Major General Alexander Spottiswoode
- Born: 1676, Tangiers, Morocco
- Marriage: Ann Butler
- Died: 7 Jun 1740, Annapolis, Maryland at age 64
The Virginian historian, Charles Campbell, a descendant of Governor Spotswood, says: "He was bred in the army from his childhood, served with distinction under the Duke of Marlborough, and in 1710 was appointed Governor of Virginia. Being a master of the military art, he kept the militia under excellent discipline. In 1716 he made the first complete discovery of a passage over the Blue Ridge mountains. He urged upon the British Government the policy of establishing a chain of posts beyond the Alleghanies, from the lakes to the Mississippi, to restrain the encroachments of the French. He reduced to submission the Indian tribes, and, blending humanity with vigor, taught them that while he could chastise their insolence, he commiserated their fate. He took measures to extend the advantages of a Christian education to the Indian children. He was a proficient in mathematics, and well skilled in architecture. He rebuilt the College Of William and Mary. He was styled the Tubal Cain of Virginia, and was, indeed, the pioneer of iron manufacture in North America. Salmon, during the last century, says: "Governor Spotswood improved the colony beyond imagination; his conduct produced wonders, and it was the happiness of Virginia that his administration was of a longer duration than usual, whereby he had an opportunity of putting in practice the prudent schemes he had laid."
Governor Spotswood left in manuscript a historical account of Virginia during his administration, thus affording an unbroken line of five generations of authors bearing the same name, a fact which, as far as I am informed, stands alone in the whole field of literature. Although a Whig in politics, he was a High Churchman, and had high notions of governmental prerogatives; but a long residence in Virginia, and the identity of his interests with those of the Virginians, appear to have greatly changed his views of governmental authority and popular rights. During the year 1724 Governor Spotswood married Ann Butler, daughter of Richard Bryan, Esq., of Westminster. She derived her middle name from James Butler, Duke of Ormond, her relative and godfather. The Governor now resided at Germana. It was here that Colonel William Byrd, of Westover, visited the Governor in 1732. I give the following extract from Colonel Byrd's journal:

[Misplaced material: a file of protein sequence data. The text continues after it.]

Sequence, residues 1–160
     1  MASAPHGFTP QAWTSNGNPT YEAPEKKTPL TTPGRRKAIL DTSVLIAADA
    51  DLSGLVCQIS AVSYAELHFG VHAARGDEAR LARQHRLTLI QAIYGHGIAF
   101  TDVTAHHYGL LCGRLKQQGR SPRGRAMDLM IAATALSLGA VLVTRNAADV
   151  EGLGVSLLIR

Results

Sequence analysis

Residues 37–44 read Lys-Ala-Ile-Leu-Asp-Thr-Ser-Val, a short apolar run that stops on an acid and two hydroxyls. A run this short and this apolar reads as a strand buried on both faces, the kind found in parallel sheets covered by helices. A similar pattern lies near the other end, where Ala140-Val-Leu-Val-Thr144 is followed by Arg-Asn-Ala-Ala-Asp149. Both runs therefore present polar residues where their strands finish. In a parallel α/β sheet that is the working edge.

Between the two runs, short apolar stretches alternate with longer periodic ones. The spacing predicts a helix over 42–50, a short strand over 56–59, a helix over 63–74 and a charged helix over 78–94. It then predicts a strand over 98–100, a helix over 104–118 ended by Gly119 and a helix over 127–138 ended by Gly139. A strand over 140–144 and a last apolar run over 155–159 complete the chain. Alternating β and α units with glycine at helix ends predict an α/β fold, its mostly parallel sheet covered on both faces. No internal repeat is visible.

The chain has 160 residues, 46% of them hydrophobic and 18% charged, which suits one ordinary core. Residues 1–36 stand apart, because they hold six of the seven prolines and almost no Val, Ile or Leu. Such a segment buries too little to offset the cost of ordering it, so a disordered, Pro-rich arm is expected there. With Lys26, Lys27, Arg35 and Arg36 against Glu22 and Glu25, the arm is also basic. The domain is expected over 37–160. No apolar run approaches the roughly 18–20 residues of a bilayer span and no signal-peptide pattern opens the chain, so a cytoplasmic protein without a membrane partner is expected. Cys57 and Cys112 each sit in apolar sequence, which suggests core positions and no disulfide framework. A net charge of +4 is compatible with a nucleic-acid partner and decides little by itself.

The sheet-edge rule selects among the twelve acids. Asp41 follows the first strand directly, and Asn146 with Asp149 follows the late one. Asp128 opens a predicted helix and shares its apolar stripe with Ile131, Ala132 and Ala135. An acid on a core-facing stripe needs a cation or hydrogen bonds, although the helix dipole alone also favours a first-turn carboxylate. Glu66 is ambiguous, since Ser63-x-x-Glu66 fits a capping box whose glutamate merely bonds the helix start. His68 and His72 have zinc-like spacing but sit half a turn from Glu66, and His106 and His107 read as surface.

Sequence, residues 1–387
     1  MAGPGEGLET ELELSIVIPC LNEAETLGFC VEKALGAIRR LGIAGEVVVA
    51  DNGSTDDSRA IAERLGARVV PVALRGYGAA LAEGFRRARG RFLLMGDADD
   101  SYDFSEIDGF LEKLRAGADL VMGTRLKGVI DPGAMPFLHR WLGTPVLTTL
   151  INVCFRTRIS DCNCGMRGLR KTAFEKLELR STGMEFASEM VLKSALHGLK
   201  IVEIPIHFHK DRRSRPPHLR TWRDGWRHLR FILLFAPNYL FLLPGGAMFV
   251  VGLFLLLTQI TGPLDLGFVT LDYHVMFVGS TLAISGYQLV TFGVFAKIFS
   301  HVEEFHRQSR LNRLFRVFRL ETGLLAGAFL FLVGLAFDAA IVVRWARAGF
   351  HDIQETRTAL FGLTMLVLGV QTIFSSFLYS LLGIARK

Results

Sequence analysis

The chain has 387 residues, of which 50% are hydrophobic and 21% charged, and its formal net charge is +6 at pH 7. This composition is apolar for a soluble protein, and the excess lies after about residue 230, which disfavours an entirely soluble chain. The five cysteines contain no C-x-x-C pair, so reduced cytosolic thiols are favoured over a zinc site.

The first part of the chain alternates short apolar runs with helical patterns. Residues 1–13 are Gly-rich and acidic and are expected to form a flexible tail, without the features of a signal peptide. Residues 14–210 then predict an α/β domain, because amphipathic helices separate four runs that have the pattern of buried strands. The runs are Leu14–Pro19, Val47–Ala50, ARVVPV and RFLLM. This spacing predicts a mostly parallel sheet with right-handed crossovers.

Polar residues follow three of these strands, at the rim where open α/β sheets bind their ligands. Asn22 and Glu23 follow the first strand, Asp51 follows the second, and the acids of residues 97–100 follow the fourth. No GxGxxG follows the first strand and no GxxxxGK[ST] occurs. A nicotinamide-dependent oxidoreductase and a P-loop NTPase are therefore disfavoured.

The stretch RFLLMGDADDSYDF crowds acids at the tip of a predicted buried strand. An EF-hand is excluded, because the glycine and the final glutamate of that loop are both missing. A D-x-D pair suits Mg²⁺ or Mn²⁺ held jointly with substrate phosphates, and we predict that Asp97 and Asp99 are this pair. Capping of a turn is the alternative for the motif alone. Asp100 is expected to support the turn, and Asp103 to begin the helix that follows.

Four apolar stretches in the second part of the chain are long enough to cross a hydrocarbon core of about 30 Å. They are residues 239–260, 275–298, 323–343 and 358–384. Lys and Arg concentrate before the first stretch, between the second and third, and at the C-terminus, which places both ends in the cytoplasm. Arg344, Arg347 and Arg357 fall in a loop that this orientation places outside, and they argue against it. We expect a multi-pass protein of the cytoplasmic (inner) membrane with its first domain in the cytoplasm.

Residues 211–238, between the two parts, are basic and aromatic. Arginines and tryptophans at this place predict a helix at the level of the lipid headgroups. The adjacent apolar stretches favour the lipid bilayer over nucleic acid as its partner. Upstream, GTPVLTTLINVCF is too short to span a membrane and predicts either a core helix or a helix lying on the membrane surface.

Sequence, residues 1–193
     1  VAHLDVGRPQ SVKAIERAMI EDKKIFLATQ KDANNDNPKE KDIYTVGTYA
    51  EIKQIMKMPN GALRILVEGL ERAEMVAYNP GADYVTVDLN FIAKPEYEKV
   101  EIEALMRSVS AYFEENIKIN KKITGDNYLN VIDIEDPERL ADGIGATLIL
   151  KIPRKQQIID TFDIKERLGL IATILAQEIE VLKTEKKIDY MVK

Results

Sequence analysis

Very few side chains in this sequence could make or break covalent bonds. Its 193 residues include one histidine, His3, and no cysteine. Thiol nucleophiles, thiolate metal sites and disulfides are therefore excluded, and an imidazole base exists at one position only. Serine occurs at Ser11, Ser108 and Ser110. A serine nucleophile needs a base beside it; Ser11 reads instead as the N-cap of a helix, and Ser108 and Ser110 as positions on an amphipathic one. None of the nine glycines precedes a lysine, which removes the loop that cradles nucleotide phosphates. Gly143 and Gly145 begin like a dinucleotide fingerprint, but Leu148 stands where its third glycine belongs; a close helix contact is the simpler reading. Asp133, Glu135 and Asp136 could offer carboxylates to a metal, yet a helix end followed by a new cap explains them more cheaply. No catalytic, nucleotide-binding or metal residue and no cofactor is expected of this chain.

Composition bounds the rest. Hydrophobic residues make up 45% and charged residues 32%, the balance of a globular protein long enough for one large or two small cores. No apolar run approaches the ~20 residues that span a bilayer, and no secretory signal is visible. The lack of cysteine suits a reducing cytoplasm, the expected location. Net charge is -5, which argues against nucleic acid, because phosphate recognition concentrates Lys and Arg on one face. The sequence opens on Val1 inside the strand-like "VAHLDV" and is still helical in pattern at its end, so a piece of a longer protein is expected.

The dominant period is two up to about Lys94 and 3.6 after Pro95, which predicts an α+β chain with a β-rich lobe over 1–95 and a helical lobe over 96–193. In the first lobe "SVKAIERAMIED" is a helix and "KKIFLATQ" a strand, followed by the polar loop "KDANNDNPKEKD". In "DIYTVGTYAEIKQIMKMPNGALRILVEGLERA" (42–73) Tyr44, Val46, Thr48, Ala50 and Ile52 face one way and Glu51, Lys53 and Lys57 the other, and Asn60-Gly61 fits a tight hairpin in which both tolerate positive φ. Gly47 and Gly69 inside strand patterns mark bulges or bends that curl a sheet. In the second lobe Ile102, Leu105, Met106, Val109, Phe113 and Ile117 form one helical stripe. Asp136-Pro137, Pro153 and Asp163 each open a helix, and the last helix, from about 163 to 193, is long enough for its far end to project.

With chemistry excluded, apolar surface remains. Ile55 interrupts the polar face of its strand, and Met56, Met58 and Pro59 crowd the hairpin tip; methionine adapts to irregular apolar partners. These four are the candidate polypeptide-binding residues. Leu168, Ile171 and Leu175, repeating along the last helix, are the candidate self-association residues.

"September 27. -- Here I arrived about 3 o'clock, and found only Mrs. Spotswood at home, who received her old acquaintance with many a gracious smile. I was carried into a room elegantly set off with pier glasses, the largest of which came soon after to an odd misfortune. Amongst other favorite animals that cheered this lady's solitude a brace of tame deer ran familiarly about the house, and one of them came to stare at me as a stranger. But, unluckily, seeing his own figure in the glass he made a spring over the tea table that stood under it and shattered the glass to pieces, and falling back upon the tea table made a terrible fracas among the china. This exploit was so sudden, and accompanied with such a noise, that it surprised me and perfectly frightened Mrs. Spotswood. But it was worth all the damage to show the moderation and good humor with which she bore this disaster. In the evening the noble Colonel came home from his mines, who saluted me very civilly, and Mrs. Spotswood's sister, Miss Thecky, who had been to meet him en cavalier, was so kind, too, as to bid me welcome. We talked over a legend of old stories, supped about nine, and then prattled with the ladies till it was time for a traveler to retire. In the meantime I observed my old friend to be very uxorious, and exceedingly fond of his children. This was so opposite to the maxims he used to preach up before he was married, that I could not forbear rubbing up the memory of them. But he gave a good natured turn to his change of sentiments by alleging that whoever brings a poor gentlewoman into so solitary a place, from all her friends and acquaintance, would be ungrateful not to use her and all that belongs to her with all possible tenderness."
In 1739 Spotswood was made Deputy Postmaster General for the colonies. He promoted Benjamin Franklin to be postmaster for the province of Pennsylvania. Being commissioned Major General, and on the eve of embarking at the head of an expedition fitted out by the English against Carthegena, in South America, Spotswood died at Annapolis, Maryland, June 7, 1740. Governor Spotswood and Ann Butler, his wife, had four children: (1) John, (2) Ann Catherine, (3) Dorathea, (4) Robert.
(1) John married (1745) Mary, daughter of William Dondridge, Esq., of Elson Green, King William, Va., a captain in the British navy
(3) Dorathea married (1747) Colonel Nathaniel West Dandridge, a full brother of her sister in law, Mrs. John Spotswood. Mrs. Dorathea Dandridge died in 1773, in the forty sixth year of her age.
(4) Robert was a subaltern officer under Washington. In 1756, while with a scouting party, he was killed near Fort du Quesne.
Alexander married Ann Butler. (Ann Butler was born about 1680.)